No one talks. No one says anything. Jeremy Mwathe’s scrubbing punctuates the drone of the bee hive in the tree above the crowd. It’s too hot to leave the shade of the tree but I’ve never been this close to a beehive. The air feels as thick as hot honey but smells like dead flesh and potassium permanganate. I haven’t eaten since I woke up. I’m hungry but Jeremy is scrubbing the dead flesh off the skinniest leg I’ve ever seen. If I think about eating gagging will certainly follow so I lift my camera and keep shooting. I feel better with the trauma coming in mediated by my lens.
I photograph the leg that Jeremy is washing in chemicals. It belongs to an elderly man who seems to be teetering between life and death. His hands and feet are infested with parasitic sand fleas that burrow into the skin and leave openings behind for bacteria. His infections are so bad he can’t really walk. Or eat. Or anything.
I’m in awe of Jeremy’s altruism.
Ballast is material, like sand, rocks, or water, used to stabilize ships. A ship named the Thomas Mitchell packed its bowels with ballast sand in 1873 and set out from Brazil for Angola. On their journey across the Atlantic the crew began to complain of sores and infections in their hands and feet. They could see no culprit but painful and itching bumps developed along the edges of their fingernails and in between their toes.
The crew of the Thomas Mitchell was learning about something that pre-Incan cultures had carved into small clay statues a thousand years earlier. Archeologist have found ancient figurines from multiple cultures across South America depicting people examining numerous pot-marks their own feet.
The ballast sand was infested with Tunga penatrans, a parasitic sand flea, and along the way the crew contracted the disease it causes; Tungiasis. The crew had managed to contract one of the few parasites to originate in the Americas. Twenty-five years after they landed in Angola an Austrian explorer reported from the East African Island of Zanzibar that Tunga penatrans had crossed the continent. Today, this South American flea has become a global infestation that ranges from Hispaniola to New Guinea and some experts fear that it could spread to Mediterranean Europe or Australia, given their temperate climates.
I’m watching another pair of horrifically skinny legs being scrubbed of dead flesh. These belong to a man with my name. Daniel was born in 1923 and had a career as a tax collector and a tribal leader for the government. He has the worst tungiasis case I’ve ever seen. He’s frail and unable to walk or feed himself. He is lucky to be alive. Rarely do people die from Tungiasis itself but the open wounds these parasites leave behind are ripe for Tetanus and other infections that kill all too often. Health workers set about trimming his crumbling nails and washing his flaky dissolving skin. I’m again in awe of their charity and care but I’m less confident that anything we’re doing will solve this problem.
Tunga penatrans are born of eggs and spend the first half of their lives in dry and sandy soils. They go through a few stages of molting where they actually decrease in size so that they’re not really visible to the naked eye. At this point they seek out a host, human or any other mammal will do, and burrow into the skin to feed on blood while leaving their abdomen exposed to excrete waste and eggs. The later must be fertilized by male fleas that also feed on blood but once they’ve done their fertilizing business they crawl away and die. Meanwhile the female remains neck deep in your skin pumping out stringy red waste and little white oval eggs for about five weeks when she too dies and after a short time her body collapses and the carcass dislodges from the skin.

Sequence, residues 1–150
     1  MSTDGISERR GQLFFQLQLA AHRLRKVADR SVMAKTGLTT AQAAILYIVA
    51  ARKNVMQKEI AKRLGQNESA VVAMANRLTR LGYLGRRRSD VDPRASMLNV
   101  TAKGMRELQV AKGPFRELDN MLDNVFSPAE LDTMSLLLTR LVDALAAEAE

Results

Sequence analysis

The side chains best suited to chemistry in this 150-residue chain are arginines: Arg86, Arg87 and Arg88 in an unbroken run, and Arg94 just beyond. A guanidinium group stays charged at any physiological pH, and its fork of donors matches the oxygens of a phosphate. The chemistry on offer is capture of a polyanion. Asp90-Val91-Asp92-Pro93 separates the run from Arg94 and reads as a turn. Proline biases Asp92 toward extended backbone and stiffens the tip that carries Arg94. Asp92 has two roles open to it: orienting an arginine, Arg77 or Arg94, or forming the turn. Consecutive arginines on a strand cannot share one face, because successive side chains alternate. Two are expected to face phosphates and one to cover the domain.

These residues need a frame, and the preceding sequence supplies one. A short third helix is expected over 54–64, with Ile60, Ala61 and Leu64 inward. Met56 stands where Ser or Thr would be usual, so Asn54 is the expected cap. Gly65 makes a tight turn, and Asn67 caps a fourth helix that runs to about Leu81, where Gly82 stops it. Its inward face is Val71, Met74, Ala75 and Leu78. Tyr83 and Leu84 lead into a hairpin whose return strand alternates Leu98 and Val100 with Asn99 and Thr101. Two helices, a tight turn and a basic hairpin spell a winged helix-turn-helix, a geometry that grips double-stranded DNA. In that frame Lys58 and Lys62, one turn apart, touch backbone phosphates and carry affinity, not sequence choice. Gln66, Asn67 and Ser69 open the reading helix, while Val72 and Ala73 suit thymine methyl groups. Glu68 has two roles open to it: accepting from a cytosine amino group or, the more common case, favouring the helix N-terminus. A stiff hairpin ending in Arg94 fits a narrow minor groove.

I fear that so long as Daniel’s home is infested with sand fleas treating his hands and feet will be unsustainable. Even if our treatment completely cures him today (though I’m skeptical of that) he will be infected again tomorrow.
Daniel’s life owes no thanks to the community health center that I can almost see from his little mud house. He tells me that he sought treatment there multiple times but they never had the supplies to treat him. Finishing our work we walk back to the health center and I stop in to ask them if they have any antiseptics on hand. No? Do you have any disinfectants? No. What can you possibly treat without at least those?
Everywhere I travel in western Kenya I am disappointed by the inability to treat Tungiasis effectively. Either out of ignorance or lack of resources this disease was winning the war. I interview dozens of people who knew almost nothing about Tungiasis and I visit dozens of health facilities with almost no basic medical equipment at all. I follow up with a few Tungiasis patients to see how they have responded to treatment. I am disappointed and sadly not surprised. They are all still infected with sand fleas.
I do not want this story to end on a sad note. Soon, I will travel to coastal Kenya where I will work with Dr. Lynne Elson to document her organization, Dabaso Community Unit. This organization is using the local Neem Tree to create a highly effective insect repellent that can be mixed into bars of soap and sprays. This unique and sustainable prevention method has never been photographed and could eventually become the ideal model for dealing with Tungiasis across Africa.